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Nuke That Oil Well

Back on May 4:

As BP prepares to lower a four-story, 70-ton dome over the oil gusher under the Gulf of Mexico, the Russians — the world’s biggest oil producers — have some advice for their American counterparts: nuke it. Komsomoloskaya Pravda, the best-selling Russian daily, reports that in Soviet times such leaks were plugged with controlled nuclear blasts underground. …

The Soviet Union, a major oil exporter, used this method five times to deal with petrocalamities. The first happened in Uzbekistan, on September 30, 1966 with a blast 1.5 times the strength of the Hiroshima bomb and at a depth of 1.5 kilometers. KP also notes that subterranean nuclear blasts were used as much as 169 times in the Soviet Union to accomplish fairly mundane tasks like creating underground storage spaces for gas or building canals.

These kinds of surgical strikes to shut off underground leaks, however, were carried out only five times, with the last one occuring in 1979. And there was only one misfire, near Kharkov, Ukraine, where a nuclear blast was unable to stanch a gas leak. Happily, with a track record like that, “the chances of failure in the Gulf of Mexico are 20%,” KP writes. “The Americans could certainly risk it.”

Makes sense to me. Seems a low risk of fire or of a radioactivity release of comparable harm to the oil pollution. The Christian Science Monitor agreed May 13. On May 24 it looked like we might see reason:

President Obama has stepped in and has sent a team of nuclear experts to contain the spill. The man in charge to contain the spill is Steven Chu, U.S. Energy Secretary and also the one who helped develop the first hydrogen bomb in the 50s. The five member multidisciplinary team are a creative lot involved in the first hydrogen bomb, finding ways to mine in Mars and ways to position biomedical needles. The team will work along with BP’s scientist to find a solution. Meeting at BP’s crisis centre in Houston, Chief Executive Officer Tony Hayward said after the meeting, ‘lots of nuclear physicists and all sorts of people coming up with some quite good ideas actually.’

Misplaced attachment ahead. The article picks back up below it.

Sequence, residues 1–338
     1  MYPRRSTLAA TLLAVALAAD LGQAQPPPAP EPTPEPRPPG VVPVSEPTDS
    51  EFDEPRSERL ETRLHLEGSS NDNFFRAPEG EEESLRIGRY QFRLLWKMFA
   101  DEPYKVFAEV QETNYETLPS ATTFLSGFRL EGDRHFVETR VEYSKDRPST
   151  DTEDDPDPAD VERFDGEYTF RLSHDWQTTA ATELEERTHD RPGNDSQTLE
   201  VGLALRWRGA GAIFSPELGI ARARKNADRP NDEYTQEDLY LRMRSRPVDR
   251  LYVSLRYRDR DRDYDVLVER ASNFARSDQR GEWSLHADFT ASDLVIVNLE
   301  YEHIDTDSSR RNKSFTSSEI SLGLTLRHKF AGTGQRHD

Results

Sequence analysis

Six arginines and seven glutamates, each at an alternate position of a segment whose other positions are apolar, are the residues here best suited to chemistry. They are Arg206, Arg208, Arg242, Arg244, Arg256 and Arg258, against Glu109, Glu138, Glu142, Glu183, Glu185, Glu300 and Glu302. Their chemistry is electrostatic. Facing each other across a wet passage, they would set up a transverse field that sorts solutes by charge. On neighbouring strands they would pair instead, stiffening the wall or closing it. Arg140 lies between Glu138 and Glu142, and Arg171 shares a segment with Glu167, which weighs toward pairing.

Alas, Today’s Post:

The failure of traditional well-killing methods may also heighten the pressure on authorities to try unconventional approaches. Simmons, for example, suggests a military takeover of the whole operation, and possibly even an attempt to seal the well with an explosive device.

Allen, the national incident commander, dismissed the idea. “My view is since we don’t know the condition of that well bore or the casings, I would be cautious about putting any kind of kinetic energy on that well head,” Allen said, “because what you may do is create open communication between the reservoir and the sea floor.”

Seems caution isn’t working so well now.  [Added: And it is hard to believe the well bore or casings matter much – it is the kinds of rock/mud/etc. near the hole that matter.]  Alas, also seems Obama has decided the nuke option is politically unpalatable.   Sure BP deserves blame for the spill itself, but doesn’t anti-nuke political correctness deserve lots of blame for our reluctance to stop the spill?


One prominent energy expert known for predicting the oil price spike of 2008 says sending a small nuclear bomb down the leaking well is “probably the only thing we can do” to stop the leak. Matt Simmons, founder of energy investment bank Simmons & Company, also says that there is evidence of a second oil leak about five to seven miles from the initial leak that BP has focused on fixing. That second leak, he says, is so large that the initial one is “minor” in comparison.

Obama seems to have avoided getting involved in fixing this spill, for fear of being tarred with its failures.  May 28:

Obama … said that his administration is doing all it can, but that, when it comes to plugging the leak, “the federal government does not possess superior technology to BP.”

But I’ll bet BP doesn’t have nukes. If nukes are the answer, then leaving the fix to BP has definitely made things worse.

Added 31May:

The Russian television channel RT described how Soviet authorities used underground nuclear explosions to seal off leaking gas pipes. The idea is that the explosion shears the leak closed for good. “That’s not something we’re considering. It would be far too risky,” said BP’s MacEwen. (more)

They don’t explain what risk they have in mind.

Added 3June:  Yesterday National Review had an article favoring the nuke option. The NYT had article “Nuclear Option on Gulf Oil Spill? No Way, U.S. Says.”

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Drugs Don’t Help

In 2003, Bush had the US govt start to pay for drugs for seniors.  This induced seniors to use lots more drugs, but they were not any healthier.